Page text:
Tuesday, November 27, 2012

Requiem for Paragon City

Yeah, I know - it's just a game. And if you can't get past that reaction, please just stop reading here and go lecture someone else about starving children or whatever it is that makes you feel all grown up.

It was the Friday before Labor Day. I was looking forward to a long weekend, and stopped to check my email one more time before I got in the car. My brother Mike described it as finding out that fifty of his friends had been diagnosed with a terminal illness. City of Heroes was being shut down.

Apparently, this was done so that the parent corporation could... well, nobody's too sure what they were trying to accomplish. It was later verified that the game was still turning a profit, and all NCsoft offered by way of justification was some weaselly corporate newspeak. The suddenly unemployed members of Paragon Studios, the people who did all the work, didn't seem to know much more than the rest of us.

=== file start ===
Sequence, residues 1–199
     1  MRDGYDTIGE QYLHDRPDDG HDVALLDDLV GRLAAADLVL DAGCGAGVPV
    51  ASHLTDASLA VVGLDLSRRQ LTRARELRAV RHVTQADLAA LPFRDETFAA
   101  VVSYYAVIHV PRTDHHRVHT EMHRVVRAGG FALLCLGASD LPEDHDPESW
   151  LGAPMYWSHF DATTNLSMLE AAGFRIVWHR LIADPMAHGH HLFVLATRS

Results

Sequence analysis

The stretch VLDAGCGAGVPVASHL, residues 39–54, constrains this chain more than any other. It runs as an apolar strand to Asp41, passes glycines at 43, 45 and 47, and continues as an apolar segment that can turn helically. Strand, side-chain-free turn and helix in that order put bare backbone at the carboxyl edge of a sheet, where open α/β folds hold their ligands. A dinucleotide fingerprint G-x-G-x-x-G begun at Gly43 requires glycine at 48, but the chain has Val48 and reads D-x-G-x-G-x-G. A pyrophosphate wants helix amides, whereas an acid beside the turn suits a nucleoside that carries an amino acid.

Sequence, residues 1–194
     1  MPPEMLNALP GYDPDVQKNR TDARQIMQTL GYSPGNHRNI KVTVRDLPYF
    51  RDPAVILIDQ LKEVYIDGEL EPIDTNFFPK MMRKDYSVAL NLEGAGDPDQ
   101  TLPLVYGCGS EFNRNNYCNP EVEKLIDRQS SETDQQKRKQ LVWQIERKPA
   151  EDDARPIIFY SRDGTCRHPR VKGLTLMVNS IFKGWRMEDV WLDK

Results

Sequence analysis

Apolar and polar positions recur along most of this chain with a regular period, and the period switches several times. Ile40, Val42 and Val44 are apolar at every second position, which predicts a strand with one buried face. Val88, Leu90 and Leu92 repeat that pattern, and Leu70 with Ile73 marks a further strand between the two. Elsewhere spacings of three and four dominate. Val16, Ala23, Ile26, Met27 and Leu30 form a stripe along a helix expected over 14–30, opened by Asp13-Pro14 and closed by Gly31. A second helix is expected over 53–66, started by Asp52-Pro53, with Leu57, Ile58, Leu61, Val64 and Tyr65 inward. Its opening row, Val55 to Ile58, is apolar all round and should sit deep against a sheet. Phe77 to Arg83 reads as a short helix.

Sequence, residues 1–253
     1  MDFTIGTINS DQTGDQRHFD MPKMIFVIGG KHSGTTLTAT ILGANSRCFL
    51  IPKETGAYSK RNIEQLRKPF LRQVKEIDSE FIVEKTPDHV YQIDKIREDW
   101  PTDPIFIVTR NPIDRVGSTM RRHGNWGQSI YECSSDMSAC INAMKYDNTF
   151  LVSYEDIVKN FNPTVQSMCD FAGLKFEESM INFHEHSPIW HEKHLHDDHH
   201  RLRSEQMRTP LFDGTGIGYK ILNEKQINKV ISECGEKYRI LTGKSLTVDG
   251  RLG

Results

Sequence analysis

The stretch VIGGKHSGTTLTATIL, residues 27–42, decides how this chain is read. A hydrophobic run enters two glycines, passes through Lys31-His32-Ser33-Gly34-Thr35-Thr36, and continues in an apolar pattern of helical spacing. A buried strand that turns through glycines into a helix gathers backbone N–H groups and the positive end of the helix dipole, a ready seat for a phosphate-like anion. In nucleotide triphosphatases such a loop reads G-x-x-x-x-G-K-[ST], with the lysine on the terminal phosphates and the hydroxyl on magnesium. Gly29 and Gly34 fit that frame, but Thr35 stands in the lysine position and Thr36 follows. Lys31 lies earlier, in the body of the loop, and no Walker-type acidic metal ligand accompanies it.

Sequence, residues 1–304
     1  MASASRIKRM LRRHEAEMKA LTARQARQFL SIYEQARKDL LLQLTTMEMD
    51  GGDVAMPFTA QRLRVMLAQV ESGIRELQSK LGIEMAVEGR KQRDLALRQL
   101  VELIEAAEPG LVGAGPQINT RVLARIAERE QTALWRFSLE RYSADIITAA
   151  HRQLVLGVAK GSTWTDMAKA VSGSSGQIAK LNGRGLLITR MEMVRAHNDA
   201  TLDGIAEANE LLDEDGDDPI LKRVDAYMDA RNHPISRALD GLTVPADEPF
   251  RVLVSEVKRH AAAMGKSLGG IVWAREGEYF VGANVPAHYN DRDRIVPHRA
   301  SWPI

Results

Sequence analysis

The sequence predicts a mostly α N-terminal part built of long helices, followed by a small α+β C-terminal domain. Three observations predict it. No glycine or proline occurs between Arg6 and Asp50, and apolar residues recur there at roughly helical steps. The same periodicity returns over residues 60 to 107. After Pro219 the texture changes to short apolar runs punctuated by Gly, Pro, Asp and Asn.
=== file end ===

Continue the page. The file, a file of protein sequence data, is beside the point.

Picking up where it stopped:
But that's not really the point, is it? Despite some valiant efforts to save them, Paragon City, the Rogue Isles, and all their associated alien worlds and pocket dimensions, are going to vanish on November 30th, 2012, probably forever. I'm writing this to work my way through it, to figure out how the cancellation of one online superhero game could hurt so much. Aaand, it's an excuse to talk about Mugged Santa again and put up some nostalgic pictures that (mostly) haven't left my screenshot folder before.

I was never much into MMORPGs, or any kind of video games for that matter. I enjoy them well enough when I sit down to play them, but somehow they never stick. So, naturally, when Mike started nagging me to try out this great new super-hero game that he and Billy and Lynn had been playing, I shrugged it off with an occasional, "eh, maybe later." Eventually, he just bought another copy of the game and mailed it to me. Well, okay, the least I can do is try it out, huh?

On March 7, 2005, I created a storm summoning/gravity manipulation Controller called Ki Rin and, after a brief training mission, joined Mike and Billy in Atlas Park. I can't remember who they were playing. Maybe their established characters, Neutronium and Carabiniere, but probably new characters so we'd all be the same level. We played a few missions and then I stuck around to explore a little on my own. Before the week was over, I had created several more characters, including Sunshrike, who was to remain one of the mainstays of my ever-growing horde. And I was already pestering other friends to sign up. Somehow, this game did what the others couldn't; I was hooked.